The African Students Association of Concordia’s Uzuri: the African Fashion Show last Friday served up fierce fashions, but more importantly, it also displayed a lot of community spirit. According to Aurelie Tzeuton, the president of ASAC, about 200 people packed into the D.B. Clarke auditorium for two hours of African clothing, song, dance and poetry. “That was the biggest surprise,” said Tzeuton. “The first week, we sold 100 tickets.”
Uzuri, which means beauty in Swahili, was much more than just showing off what African designers can do; a full hour of performances turned it into a variety show. “We decided we’d have just a fashion show,” explained Tzeuton. “As time went by, we got the chance to meet a lot of artists.” The lineup ranged from feminist beat poet Sunshine to a performance from the Bzerk Squad, Canada’s first dance crew dedicated to the aggressive freestyle krump.
Hosts Ã‰mile Kinuma and Jonathan Deslouches set the tone for the evenings mix of tradition and modernity by teasing each other about their own outfits. “Where are you headed with your nightgown?” asked Deslouches, when Kinuma appeared onstage in traditional African garb. “These new Africans these days, I don’t understand them,” sighed Kinuma, referring to Deslouches’ dapper fedora and suspenders. ASAC also gave its hosts, artists and models the chance to be spontaneous. “The performers, a lot of them got to improvise according to how the crowd responded,” stated Tzeuton.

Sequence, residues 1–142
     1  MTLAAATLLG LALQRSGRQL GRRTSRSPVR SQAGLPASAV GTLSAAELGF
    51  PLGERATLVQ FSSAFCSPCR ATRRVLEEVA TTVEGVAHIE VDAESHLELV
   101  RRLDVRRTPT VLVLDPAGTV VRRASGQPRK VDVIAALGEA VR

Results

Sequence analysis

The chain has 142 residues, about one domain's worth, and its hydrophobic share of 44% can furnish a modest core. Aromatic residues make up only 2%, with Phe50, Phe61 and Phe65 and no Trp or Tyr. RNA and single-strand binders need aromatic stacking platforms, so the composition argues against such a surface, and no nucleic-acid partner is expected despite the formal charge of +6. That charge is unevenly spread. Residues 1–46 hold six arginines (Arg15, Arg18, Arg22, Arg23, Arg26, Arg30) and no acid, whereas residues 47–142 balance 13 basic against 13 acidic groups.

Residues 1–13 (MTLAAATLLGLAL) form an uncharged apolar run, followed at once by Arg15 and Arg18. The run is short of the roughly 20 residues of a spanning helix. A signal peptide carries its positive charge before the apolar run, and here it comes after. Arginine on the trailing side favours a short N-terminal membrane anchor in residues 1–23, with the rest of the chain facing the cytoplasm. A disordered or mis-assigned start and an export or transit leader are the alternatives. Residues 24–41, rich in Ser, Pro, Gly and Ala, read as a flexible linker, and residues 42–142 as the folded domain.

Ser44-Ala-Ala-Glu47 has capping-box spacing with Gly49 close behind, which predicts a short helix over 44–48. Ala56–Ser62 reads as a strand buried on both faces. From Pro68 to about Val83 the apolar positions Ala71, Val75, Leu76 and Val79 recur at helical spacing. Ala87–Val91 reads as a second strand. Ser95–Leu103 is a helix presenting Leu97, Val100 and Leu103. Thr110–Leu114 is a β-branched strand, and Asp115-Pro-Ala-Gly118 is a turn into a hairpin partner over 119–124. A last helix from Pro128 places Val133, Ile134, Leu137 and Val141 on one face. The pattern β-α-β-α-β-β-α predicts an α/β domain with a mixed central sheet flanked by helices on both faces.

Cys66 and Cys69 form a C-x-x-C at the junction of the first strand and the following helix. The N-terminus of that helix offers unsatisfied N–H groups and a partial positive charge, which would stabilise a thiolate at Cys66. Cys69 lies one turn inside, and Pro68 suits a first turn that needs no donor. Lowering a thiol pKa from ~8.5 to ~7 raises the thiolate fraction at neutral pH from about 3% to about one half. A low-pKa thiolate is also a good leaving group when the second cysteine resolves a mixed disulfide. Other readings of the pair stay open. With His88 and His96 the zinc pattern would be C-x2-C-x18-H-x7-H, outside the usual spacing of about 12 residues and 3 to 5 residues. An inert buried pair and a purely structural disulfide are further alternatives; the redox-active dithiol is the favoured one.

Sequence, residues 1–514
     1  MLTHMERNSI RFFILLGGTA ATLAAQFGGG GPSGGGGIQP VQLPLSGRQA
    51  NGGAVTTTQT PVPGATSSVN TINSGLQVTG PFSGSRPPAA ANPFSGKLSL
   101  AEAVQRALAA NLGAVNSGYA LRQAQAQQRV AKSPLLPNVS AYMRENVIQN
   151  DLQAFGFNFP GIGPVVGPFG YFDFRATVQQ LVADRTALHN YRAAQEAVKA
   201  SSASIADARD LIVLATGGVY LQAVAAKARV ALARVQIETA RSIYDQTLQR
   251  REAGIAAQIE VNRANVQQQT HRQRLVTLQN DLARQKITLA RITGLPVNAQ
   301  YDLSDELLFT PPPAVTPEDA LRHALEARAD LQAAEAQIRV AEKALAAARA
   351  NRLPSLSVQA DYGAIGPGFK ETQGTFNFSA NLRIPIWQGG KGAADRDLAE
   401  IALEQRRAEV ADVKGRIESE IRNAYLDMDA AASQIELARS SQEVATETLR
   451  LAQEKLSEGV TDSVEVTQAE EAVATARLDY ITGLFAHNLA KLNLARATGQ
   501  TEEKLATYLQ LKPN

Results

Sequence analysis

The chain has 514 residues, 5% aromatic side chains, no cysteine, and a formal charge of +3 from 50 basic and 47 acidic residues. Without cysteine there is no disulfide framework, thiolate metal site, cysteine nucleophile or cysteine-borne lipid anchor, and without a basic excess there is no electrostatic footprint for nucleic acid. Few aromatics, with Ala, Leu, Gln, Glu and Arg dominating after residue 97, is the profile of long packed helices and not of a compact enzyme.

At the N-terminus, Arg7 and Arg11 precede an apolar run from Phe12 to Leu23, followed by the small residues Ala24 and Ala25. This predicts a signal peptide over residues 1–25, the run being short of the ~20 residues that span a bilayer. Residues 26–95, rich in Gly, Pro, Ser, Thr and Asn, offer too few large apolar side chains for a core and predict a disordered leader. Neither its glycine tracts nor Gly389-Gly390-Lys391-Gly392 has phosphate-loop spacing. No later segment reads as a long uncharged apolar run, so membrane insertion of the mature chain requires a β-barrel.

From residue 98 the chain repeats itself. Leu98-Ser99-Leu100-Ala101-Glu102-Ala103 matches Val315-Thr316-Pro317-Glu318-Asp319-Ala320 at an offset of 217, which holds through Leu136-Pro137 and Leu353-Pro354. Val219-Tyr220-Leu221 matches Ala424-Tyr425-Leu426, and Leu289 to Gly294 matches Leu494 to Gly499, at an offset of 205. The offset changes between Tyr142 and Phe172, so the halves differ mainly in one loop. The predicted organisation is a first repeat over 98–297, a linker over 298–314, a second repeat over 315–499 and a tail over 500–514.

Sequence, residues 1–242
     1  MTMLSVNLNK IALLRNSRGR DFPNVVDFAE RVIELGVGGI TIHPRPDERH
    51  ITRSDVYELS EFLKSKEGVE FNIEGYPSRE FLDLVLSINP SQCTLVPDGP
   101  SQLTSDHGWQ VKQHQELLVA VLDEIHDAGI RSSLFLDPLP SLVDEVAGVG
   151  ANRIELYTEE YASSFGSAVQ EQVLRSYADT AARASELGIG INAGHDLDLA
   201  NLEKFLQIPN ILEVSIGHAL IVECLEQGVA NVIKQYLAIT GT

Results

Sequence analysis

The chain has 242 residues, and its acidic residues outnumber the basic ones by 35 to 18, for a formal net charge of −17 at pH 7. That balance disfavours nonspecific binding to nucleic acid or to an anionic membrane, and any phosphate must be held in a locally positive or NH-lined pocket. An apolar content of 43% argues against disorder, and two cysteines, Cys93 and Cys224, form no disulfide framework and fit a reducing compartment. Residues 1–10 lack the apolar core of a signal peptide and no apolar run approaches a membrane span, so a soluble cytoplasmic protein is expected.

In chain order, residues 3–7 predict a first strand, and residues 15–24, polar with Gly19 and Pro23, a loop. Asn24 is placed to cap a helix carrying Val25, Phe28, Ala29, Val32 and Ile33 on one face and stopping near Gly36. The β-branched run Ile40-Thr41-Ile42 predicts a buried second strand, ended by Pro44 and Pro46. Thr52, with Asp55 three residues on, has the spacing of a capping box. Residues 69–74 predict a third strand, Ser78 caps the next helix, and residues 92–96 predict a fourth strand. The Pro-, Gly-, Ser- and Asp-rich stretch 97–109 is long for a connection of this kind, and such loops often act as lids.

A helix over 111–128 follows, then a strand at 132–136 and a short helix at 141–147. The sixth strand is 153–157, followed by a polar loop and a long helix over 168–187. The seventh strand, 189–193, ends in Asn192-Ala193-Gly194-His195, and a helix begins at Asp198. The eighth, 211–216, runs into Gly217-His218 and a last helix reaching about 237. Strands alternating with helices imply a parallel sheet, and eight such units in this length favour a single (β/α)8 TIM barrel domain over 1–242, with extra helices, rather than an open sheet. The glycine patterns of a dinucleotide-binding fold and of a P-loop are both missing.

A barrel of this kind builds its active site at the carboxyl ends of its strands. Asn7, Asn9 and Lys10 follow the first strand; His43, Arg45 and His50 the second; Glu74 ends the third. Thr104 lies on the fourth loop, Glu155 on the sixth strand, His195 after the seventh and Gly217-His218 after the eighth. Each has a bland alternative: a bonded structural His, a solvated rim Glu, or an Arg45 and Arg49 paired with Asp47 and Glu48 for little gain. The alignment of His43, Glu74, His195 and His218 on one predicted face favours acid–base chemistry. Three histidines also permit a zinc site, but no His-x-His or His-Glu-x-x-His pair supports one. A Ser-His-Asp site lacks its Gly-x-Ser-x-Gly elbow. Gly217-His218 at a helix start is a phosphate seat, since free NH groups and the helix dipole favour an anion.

The fashion show itself featured casual, semi-formal and formal wear by Ghanaian designer Doris Dey and Nairobi’s Jane Nyoike. As the models walked down the stage in pairs, they interacted with each other, dancing and responding to the crowd’s cheers. The show also featured a final surprise dance.
Having lived in Paris, Tzeuton said that Montreal’s fashion industry is a lot more accepting of African designers. “We also have high fashion,” she stated, explaining that Uzuri showcased more traditional clothing. Overall, the event was a great success for ASAC’s brand-new executive committee. “It was a great adventure” said Tzeuton. “A lot of lessons learned, a lot of surprises. I didn’t lose my mind!”